As the winter months roll in, the U.K. has experienced a disproportionate amount of rain, causing flooding that is taking a toll on both commercial and residential parts of the region. On Boxing Day, northern England was hit by Storm Eva, a flood that affected thousands of homes in the area.
And flooding in Britain is not exactly an isolated incident as of late. In fact, just last year, ministers were presented with a document that stated extreme weather events would become more frequent. The U.K.’s Association of Drain Authorities (ADA) reports that the U.K. has experienced the five wettest years since 2000.
Yet despite these alarming numbers and the evident increasing need for flooding defenses, U.K. ministers were recently warned that “spending cuts” were lurking on the horizon.
Both U.K. ministers and the ADA do not agree with these impending cuts. In their recent report, the ADA warns that “failure of assets and networks is more likely as extreme weather events become more frequent and unpredictable” and advocate for a long-term, comprehensive approach to the problem.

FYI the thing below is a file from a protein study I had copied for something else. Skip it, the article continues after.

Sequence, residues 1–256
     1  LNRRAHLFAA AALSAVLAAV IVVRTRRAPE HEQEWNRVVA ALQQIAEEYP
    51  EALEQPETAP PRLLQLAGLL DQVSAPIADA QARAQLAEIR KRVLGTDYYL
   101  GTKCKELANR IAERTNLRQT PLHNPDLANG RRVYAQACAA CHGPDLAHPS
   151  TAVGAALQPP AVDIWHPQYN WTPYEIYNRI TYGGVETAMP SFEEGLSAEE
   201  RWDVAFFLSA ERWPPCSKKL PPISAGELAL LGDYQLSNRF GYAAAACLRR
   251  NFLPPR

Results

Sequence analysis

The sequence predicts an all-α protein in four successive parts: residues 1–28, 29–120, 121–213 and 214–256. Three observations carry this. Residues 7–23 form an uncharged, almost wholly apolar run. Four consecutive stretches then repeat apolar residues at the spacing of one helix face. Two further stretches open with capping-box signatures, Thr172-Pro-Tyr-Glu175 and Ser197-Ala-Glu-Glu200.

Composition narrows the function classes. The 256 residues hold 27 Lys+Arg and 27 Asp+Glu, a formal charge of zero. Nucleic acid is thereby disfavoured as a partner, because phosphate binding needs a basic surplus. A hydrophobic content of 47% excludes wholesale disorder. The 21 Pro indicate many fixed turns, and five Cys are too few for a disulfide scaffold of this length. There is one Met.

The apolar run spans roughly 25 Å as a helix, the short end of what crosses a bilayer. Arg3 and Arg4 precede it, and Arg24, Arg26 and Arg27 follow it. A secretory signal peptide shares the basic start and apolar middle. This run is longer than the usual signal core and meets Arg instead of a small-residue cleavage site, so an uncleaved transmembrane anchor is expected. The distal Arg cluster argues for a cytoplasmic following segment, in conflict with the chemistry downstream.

The report also says that flood and damage costs total £1.1 billion, and homes and residential areas at risk of flood damage could increase in numbers by hundreds of thousands.
Typically, manhole covers in pedestrian areas need an A class rating, meaning they will support a slow moving wheel load of 2.5 tonnes. Yet as the flooding and inclement weather continues, officials are concerned that lifted manhole covers can pose unseen dangers for individuals attempting to drive in flooded areas.
But in the wake of looming budget cuts, Prime Minister David Cameron has not backed down, announcing that £40 million will be allocated for increasing flooding defenses that were damaged in the wake of Storm Eva.
“I have seen at first hand the devastation caused by flooding. And that’s why this work to repair and improve flood defences is so vital,” said Cameron in a statement.